Since 2017, the two English-speaking regions of Cameroon (North-West and South-West) have been plunged into a civil war between the government army and separatists, nicknamed the Ambaboys.
As a result of the four-year conflict, more than 1 million people are now "severely food insecure" and 700,000 people have been forced to flee their homes.
It was during their home visits that the Daughters of Charity met a family of "displaced persons" from the English-speaking area: Mr John, his wife and five children. When they were living in their region of origin, Mr John, who was a cripple, worked as a tailor and his wife managed to sell some meals that she would prepare to supplement her husband's resources.
With the arrival of the war, they took refuge initially in Bafoussam. Mr John had managed to find a small place in the central market but the small income from his work was not enough to support the family. The family (with their youngest child of a few months) moved again, to Melap, where they managed to find a house to rent at 10,000 Cfa (15 euros per month). However, the salary from the tailor's business is still not enough... Mr John is forced to sell some bags in travel agencies and his eldest daughter, who was in the first grade, tries to sell meals (beef skin broth) to supplement her father's meagre daily income.
"On Saturdays and Sundays, the whole family goes to the market where they carry parcels to find some money" says Sr Brigitte.
The acquisition of a 20-foot container and its conversion into two separate spaces will allow Mr John to set up and equip a sewing workshop on one side, while his wife will be able to prepare and sell meals in a small canteen on the other.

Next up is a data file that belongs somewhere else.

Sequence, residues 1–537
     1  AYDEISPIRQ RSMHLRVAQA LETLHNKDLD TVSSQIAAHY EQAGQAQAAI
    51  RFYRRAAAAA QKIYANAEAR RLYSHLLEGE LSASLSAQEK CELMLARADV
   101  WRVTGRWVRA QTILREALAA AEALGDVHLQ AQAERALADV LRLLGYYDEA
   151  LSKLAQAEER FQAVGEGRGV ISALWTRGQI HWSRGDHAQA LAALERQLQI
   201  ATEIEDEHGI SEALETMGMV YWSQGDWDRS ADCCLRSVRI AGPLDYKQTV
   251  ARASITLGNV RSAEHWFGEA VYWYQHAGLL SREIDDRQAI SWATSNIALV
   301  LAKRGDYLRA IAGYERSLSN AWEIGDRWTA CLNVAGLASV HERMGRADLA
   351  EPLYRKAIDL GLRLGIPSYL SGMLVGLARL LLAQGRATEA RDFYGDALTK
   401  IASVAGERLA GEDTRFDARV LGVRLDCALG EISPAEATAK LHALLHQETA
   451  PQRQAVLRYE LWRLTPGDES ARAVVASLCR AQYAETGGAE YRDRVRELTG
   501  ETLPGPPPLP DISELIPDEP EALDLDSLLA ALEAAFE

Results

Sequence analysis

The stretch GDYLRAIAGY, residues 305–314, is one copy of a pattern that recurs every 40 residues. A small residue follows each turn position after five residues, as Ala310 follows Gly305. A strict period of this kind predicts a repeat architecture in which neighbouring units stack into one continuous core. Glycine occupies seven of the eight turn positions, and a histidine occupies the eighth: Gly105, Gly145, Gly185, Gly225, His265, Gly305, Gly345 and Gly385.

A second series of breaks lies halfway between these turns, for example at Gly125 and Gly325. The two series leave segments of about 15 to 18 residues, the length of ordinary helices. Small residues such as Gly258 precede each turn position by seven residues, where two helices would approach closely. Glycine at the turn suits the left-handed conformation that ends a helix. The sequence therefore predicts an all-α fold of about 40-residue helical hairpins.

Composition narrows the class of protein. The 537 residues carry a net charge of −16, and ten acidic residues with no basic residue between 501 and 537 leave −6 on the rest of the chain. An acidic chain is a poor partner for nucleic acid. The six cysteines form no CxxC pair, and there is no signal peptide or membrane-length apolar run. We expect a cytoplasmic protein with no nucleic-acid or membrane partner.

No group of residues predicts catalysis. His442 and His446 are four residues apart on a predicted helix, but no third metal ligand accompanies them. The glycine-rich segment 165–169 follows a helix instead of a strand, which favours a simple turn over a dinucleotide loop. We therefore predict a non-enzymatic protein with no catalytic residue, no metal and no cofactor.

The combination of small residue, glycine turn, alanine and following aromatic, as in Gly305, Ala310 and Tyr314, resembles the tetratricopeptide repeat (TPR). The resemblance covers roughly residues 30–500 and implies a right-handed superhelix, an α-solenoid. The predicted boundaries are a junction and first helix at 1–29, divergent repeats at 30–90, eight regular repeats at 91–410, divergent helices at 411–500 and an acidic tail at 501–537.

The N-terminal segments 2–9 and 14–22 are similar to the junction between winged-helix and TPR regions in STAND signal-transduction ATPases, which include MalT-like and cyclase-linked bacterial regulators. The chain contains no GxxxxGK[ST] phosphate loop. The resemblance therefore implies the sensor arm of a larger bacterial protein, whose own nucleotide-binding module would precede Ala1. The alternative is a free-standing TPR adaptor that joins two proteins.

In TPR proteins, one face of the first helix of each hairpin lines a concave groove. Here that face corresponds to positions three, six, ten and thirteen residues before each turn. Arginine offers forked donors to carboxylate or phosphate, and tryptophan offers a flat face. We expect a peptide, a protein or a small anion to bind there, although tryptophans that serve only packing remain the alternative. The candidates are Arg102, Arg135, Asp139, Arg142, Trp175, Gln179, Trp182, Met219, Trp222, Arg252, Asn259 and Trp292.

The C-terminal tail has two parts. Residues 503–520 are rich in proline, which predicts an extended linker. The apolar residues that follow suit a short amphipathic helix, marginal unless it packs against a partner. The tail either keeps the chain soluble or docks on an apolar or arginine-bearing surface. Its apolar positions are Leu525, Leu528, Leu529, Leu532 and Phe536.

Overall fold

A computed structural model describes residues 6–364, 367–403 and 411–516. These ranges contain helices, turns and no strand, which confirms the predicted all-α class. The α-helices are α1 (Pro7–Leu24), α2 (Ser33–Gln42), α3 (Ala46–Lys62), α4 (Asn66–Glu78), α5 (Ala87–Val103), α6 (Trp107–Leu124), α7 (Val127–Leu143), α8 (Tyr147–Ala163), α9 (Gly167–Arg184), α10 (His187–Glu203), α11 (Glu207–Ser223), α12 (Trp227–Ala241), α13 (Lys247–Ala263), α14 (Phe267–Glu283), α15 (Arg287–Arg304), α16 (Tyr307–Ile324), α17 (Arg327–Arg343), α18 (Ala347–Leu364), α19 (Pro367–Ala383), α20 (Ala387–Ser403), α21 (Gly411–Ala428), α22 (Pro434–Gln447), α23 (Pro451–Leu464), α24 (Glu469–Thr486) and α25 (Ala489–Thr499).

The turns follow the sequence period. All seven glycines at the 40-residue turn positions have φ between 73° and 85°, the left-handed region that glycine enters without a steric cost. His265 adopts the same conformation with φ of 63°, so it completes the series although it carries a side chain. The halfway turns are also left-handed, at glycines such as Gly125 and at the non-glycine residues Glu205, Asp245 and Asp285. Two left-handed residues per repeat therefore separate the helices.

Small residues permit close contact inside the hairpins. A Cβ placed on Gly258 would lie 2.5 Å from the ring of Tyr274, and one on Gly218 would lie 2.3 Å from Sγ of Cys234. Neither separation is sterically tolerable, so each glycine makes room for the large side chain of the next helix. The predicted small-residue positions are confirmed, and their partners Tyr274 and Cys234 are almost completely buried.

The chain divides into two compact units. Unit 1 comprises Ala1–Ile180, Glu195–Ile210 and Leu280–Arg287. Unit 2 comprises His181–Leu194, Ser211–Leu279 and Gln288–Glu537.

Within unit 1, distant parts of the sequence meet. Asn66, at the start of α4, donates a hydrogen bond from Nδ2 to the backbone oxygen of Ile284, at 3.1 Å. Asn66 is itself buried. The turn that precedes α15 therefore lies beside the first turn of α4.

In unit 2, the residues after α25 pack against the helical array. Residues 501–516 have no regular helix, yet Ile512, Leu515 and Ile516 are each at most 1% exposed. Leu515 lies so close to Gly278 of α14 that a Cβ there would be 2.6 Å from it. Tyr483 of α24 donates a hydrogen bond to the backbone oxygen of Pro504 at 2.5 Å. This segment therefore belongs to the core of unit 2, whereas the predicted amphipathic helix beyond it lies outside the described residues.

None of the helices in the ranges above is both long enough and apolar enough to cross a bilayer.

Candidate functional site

In addition to the container, Mr John would like to invest in a new TINKO embroidery machine and a Singer sewing machine.
The installation of the kitchen also requires a basic contribution to finance its equipment as well as the purchase of an initial stock of food products to prepare and sell the cooked meals.
With this 4,045€ project presented by Sr Brigitte, a family of 7 people can hope to get out of precariousness and become autonomous again through the fruit of their work. In addition, they will be able to provide for their basic needs in terms of health, education, nutrition and housing
A big thank you for your support to them
With Them, Thanks to You
Je vis à Dschang au Nord du Pays dans une communauté de 9 sœurs. Je travaille à l’hôpital Saint Vincent de Paul dans le service chirurgie et suis également l’assistante de la Sr Anne, la sœur servante qui coordonne les activités du centre de l’espérance qui prend en charge les enfants ayant un handicap physique et ou moteur.
Nous effectuons également des visites à domicile pour identifier les besoins et soutenir les personnes les plus vulnérables.